It's the end of the line for the Tour of Beijing, and none too soon, writes Al Hinds.
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7 Apr 2015 - 11:32 PM  UPDATED 13 Apr 2015 - 3:38 PM

In contrast to its contentious introduction to the WorldTour calendar
back in 2011, the Tour of Beijing, has disappeared quietly, with the tiniest of whimpers.

A footnote on a UCI Press Release overnight, in the second from last par, delivered the race's epitaph. A mark of gratitude to the organisers of the event, and the efforts of those to develop it in the years since its inception from Brian Cookson as part of the 2015 calendar announcement. No other explanation, but gone all the same.

The UCI, which spearheaded the race's creation as part of its event's arm, Global Cycling Promotions, was understandably none-too-happy to try and sweep the news under the carpet. Beijing has been mired in controversy from the start.

Even before a pedal had been pushed, a wheel spun, the race was caught up in the political to-and-fro between the UCI and the teams that plagued much of 2010 and 2011. A boycott was threatened by several WorldTour teams as they clashed with the UCI over the contentious race radio rule, and the lack of transparency in WorldTour moneys - funded by the teams - in setting up Global Cycling Promotions. Even to get teams to the start line in 2011, required some arm-twisting from then UCI President Pat McQuaid, who reportedly directly pressured team sponsors to force their teams to take part or face possible "commercial ramifications" from the Chinese.

The race was very nearly still-born, but saved at the last by a compromise on a number of the team's demands.

Then there was the smog. The heavy air pollution created by the estimated 22 million strong Beijing population, deterred many riders predisposed to breathing conditions, such as asthma, from even attending. Those that did attend were still in for a rude shock. Air quality indexes show pollution levels in the Chinese capital rarely meet World Health Standards, with periods of a week or more as recently as February of this year recording levels as high as 15 times the safe daily dose. And unlike the Beijing Olympics, where authorities shutdown the city to abate pollution levels, no such measures were made for the Tour. Some place for a bike race.

Clenbuterol caused issues too, with food having to be heavily controlled as a result. Last year, the substance wasn't even tested for - a tacit acceptance from authorities that the prevalence of the substance in food, was beyond control. Michael Rogers positive, Fuyu Li's 2010 positive, and Jonathan Breyne positive late last year have given racing in China a bad name. One wonders how easily the UCI would've been able to convince riders to head to the event next year considering the potential damage an accidental positive can wreak on a rider's career.

But at the heart of the race's demise is that it's a white elephant both within China and from the perspective of observers abroad. There was no grassroots support for the event taking place - much like the Tour of Qatar - it existed in a sort of vacuum from the rest of the country. Crowds were sparse at best, a reflection perhaps partly, of the lack of local riders taking part, but as much of the disinterest of the local population as a whole. And if there was little interest from the local population, it was more or less matched externally. Its place on the calendar, its uninspiring parcours (okay, last year was an improvement), and the declining calibre of the field left me, and I'm sure most, feeling apathetic about the event. What was the point?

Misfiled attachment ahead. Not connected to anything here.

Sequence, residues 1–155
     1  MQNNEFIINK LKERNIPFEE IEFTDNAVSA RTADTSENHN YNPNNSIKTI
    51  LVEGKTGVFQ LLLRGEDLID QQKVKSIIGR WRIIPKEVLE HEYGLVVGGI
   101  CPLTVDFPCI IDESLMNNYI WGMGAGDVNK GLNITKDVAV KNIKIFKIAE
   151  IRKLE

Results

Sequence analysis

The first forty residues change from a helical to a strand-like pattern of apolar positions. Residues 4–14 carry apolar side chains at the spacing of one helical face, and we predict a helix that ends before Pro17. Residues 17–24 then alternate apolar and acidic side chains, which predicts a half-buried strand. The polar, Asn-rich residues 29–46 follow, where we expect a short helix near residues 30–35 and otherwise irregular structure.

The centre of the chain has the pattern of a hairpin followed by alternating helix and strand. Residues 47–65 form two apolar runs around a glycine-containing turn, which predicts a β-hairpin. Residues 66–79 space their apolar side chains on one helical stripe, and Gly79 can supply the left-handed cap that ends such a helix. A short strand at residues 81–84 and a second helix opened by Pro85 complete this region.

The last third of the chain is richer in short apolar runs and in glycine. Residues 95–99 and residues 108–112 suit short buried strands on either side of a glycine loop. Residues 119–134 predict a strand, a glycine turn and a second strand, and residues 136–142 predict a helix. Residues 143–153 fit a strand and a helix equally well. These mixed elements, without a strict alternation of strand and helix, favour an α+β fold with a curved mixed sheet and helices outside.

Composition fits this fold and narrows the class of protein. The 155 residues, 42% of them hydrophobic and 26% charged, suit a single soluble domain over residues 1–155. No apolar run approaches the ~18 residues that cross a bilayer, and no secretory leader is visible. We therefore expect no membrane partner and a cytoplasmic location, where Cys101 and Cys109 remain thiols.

Like the uncle who gave you a 300 page book about Australian native fish for Christmas because he heard you liked swimming, and fish swim, and it was half-price, and… look at least he got you something, right? It's a bit like that. It's the thought that counts. The UCI wanted to globalise the sport. China was a natural market for expansion. They had government support. Away we go. But it's never that simple.

The reality was, Beijing was a disaster, and the decision to end is long overdue. But it's also part of a broader movement in the UCI's longer term vision to shrink and consolidate the calendar. This is just phase one, the beginnings of the trimmings. Two week Grand Tours, a shorter racing year, smaller rosters, it's all in the offing. We'll find out exactly what's planned when the UCI releases its next draft strategy document later this year, but from what's been rumoured, a more focused calendar centralised around the months of March-September is what the UCI is pushing for.

What that means for other races on the periphery of the existing calendar remains to be seen, but the Giro di Lombardia brought forward, and the Santos Tour Down Under pushed out of January are certainly possibilities. Globalisation, is still on the agenda, but forays into China, for now at least, look to be on hold. Beijing, a cautionary tale.